The weather forecast for Destin this week is just about perfect.  We’re getting days in the 70s, nights in the 50s, and nothing but sunshine and dry air.  Amazingly, this is the “off season,” so there are plenty of available spaces in the campground most days for $30 per night.  The beach is virtually empty all day despite balmy breezes and dolphins jumping off shore, because it’s “too cold” for locals.  Nobody but northerners gets in the water now, but for us it is the peak of summer and we’ve got the whole place to ourselves.

destin-fl-sunset-beach-house-2010-11.jpgFor those who are interested in the impact of the Deepwater Horizon spill, we can report that we’ve spotted no tar balls, oil sheen, or much of anything else.  A careful eye will see pinhead-sized clumps of tar at some places, but if you weren’t thinking about it you wouldn’t notice them.  We had to search for a few minutes to collect a handful of little tar bits, which is great because it would be hard to find a bigger insult to these pristine white sands than to be mucked up with oil residue.

We have made a strategic decision to zip through Alabama, Mississippi, and Louisiana on this trip. Corpus Christi has been a stop we’ve long wanted to make, and every time we go through Texas we skip it.  Well, not this time.  We’ll go camping on the beach at Padre Island National Seashore.

But to make the time for that detour, something had to go. When we leave here on Thursday, we will have just about two weeks left and we still have 1,825 miles to go, counting the trip to Corpus Christi.  So our routine will be zoom-zoom … long pause … zoom-zoom … long pause … zoom zoom & then we’ll be home.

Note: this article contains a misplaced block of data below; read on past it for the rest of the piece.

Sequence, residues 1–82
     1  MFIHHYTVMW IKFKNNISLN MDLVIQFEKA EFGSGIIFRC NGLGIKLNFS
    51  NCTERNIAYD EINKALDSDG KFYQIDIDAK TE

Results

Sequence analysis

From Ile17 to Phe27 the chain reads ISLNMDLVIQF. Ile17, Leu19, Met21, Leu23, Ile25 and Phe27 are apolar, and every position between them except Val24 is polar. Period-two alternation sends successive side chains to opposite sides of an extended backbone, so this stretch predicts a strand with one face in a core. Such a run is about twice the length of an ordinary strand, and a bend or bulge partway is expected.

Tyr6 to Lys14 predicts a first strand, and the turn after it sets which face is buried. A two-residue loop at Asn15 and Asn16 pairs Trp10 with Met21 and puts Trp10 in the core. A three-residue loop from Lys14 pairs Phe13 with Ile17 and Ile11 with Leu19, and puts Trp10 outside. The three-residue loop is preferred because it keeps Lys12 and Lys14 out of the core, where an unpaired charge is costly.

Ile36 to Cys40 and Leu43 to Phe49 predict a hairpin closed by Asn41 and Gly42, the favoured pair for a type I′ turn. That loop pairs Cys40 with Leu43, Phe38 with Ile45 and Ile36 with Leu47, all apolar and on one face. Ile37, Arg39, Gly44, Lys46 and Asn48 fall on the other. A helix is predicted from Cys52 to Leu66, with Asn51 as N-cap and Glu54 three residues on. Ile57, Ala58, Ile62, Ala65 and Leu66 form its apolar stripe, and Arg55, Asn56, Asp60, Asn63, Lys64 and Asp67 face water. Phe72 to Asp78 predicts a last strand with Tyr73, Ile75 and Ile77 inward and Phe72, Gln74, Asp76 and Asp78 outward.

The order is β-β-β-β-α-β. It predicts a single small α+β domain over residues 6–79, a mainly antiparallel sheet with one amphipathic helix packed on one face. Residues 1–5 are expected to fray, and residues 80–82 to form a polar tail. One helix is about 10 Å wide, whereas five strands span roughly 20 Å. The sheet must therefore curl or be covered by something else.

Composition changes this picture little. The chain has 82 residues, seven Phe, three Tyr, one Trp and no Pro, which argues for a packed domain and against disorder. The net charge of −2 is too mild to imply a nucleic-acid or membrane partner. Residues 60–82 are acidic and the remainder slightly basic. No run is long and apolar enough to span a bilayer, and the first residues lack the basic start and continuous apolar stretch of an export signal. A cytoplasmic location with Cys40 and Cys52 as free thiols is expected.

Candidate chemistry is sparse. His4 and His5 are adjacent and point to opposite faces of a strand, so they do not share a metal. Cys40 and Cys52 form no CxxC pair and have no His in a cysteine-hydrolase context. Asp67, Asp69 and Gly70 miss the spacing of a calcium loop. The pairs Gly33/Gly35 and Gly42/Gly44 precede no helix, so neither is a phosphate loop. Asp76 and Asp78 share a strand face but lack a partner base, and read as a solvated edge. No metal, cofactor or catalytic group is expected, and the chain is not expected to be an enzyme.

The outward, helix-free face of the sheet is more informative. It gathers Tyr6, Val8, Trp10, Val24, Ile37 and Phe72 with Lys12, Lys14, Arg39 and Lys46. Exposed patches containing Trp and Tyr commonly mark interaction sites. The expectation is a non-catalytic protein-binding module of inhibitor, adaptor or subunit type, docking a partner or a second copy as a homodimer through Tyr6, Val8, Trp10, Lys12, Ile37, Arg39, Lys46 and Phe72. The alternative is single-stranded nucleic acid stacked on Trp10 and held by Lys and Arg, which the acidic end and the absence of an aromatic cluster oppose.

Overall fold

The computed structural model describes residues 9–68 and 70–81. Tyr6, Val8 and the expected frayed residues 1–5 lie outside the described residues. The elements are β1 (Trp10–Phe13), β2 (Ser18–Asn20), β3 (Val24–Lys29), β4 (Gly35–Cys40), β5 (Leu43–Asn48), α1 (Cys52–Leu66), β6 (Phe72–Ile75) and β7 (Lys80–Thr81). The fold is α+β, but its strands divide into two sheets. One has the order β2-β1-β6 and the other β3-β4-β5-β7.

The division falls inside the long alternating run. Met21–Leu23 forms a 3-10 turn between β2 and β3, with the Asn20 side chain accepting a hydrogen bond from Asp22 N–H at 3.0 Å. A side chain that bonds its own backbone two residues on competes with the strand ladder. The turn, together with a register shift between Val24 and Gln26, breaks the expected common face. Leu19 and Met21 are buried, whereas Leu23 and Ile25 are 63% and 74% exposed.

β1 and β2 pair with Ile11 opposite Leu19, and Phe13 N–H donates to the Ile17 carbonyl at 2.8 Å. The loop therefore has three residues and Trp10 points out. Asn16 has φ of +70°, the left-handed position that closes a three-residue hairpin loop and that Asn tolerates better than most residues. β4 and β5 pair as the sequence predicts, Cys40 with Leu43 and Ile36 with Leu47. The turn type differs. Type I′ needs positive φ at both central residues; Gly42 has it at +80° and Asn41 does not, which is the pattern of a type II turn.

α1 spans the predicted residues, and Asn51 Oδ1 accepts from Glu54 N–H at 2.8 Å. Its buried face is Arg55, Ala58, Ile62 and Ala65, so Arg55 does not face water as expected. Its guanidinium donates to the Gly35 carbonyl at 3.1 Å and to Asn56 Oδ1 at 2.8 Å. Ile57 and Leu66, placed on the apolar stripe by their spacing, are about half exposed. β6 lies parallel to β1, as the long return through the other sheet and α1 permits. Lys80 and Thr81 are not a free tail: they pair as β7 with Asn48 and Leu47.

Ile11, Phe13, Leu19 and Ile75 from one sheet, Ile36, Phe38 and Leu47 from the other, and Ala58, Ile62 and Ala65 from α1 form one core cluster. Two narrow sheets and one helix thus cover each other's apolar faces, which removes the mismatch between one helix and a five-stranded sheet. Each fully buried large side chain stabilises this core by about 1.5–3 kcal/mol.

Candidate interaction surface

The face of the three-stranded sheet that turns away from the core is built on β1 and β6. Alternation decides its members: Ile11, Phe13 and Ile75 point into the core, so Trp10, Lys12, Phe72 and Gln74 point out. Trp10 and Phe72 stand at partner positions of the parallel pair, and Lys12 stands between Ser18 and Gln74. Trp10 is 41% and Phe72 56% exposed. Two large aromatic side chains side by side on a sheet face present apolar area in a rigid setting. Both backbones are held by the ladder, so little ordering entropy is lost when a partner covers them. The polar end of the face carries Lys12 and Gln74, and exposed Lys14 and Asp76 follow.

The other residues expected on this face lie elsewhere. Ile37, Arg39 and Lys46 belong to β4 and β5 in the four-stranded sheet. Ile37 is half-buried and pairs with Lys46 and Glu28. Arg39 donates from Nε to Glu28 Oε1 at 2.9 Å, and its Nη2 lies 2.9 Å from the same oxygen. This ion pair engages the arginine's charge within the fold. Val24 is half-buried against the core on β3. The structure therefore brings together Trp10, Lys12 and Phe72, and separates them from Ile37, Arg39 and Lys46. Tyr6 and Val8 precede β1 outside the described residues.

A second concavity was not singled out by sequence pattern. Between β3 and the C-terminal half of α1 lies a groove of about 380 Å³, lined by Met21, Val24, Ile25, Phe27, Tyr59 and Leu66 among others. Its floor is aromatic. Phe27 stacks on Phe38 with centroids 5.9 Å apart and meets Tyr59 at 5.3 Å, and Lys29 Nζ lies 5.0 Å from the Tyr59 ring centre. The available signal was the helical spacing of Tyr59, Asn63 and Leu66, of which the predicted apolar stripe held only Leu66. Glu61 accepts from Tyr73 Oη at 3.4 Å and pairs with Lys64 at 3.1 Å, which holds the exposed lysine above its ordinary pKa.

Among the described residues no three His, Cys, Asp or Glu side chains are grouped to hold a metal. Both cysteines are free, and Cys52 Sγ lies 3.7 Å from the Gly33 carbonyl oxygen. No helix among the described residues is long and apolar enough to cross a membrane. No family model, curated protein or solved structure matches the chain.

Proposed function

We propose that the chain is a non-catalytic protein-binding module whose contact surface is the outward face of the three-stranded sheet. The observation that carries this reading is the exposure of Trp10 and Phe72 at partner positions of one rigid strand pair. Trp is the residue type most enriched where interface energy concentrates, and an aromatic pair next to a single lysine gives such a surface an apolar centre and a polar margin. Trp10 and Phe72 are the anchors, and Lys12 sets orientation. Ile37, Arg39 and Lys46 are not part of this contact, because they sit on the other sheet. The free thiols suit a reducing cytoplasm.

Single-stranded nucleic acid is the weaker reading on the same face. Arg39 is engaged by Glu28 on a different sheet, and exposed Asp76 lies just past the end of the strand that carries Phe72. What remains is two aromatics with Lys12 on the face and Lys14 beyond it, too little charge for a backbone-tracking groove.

Alison asked us last night if we were looking forward to getting back to Tucson, and both Eleanor and I said: “Yes and no.”  It will be nice to stretch out in the comforts of our larger home base, but we’ll miss the invigoration of visiting different places and people.  It has always been that way, and I suppose that’s why we never stay parked for too long.

Sword swallowers’ wedding

We’re heading west.  From here on, the Airstream’s nose will be pointed into the wind, heading for the sunset, and home base.

Our Disney World vacation complete, we zipped up to Green Cove Springs and got our business done there, spent a night, and moved onward to Thomasville GA (about 30 miles north of Tallahassee) for the event of the season: The Sword Swallowers’ Wedding.

sword-swallowers-wedding-poster2.jpgAfter many years together, our friends Alex and Charon have finally tied the knot in a very lovely ceremony of their own design.  At least, that’s what I was told.  Since we had to drive about 180 miles to get to the wedding site, we didn’t actually make it there in time to see it ourselves.  We arrived about three hours after the actual event, just in time to see a few toasts and help eat the leftovers.  (I’m sure it was very nice, but I have to admit it’s more my speed to just show up for the food.  I’m sort of heathen that way.)

Still, it was worth the detour from I-10 to drop in and see our friends on their very happy day.  We won’t see them again until we meet up in California after Christmas.  Being both trailerites and sideshow folk, Alex and Charon have a very interesting circle of friends.  I always feel very ordinary when surrounded by their other, more colorful, artistic and talented associates.  This event was no different.  When we arrived they were all arranged in the living room clothed in fantastic garb, a mix of Victorian and Renaissance with little touches and symbols ranging from Oddfellows to motorcycle clubs.  As always, everyone was friendly, talkative, and fun, and they quickly made us feel at home.

We have a copy of the “wedding invitation,” an old fashioned letterpress poster, which will be framed and added to our treasured collection of road memorabilia.  It’s not every day you get invited to a wedding like this.  No swords were swallowed (Alex commented to Charon, “You’re not working today”) but it was still wonderfully unusual.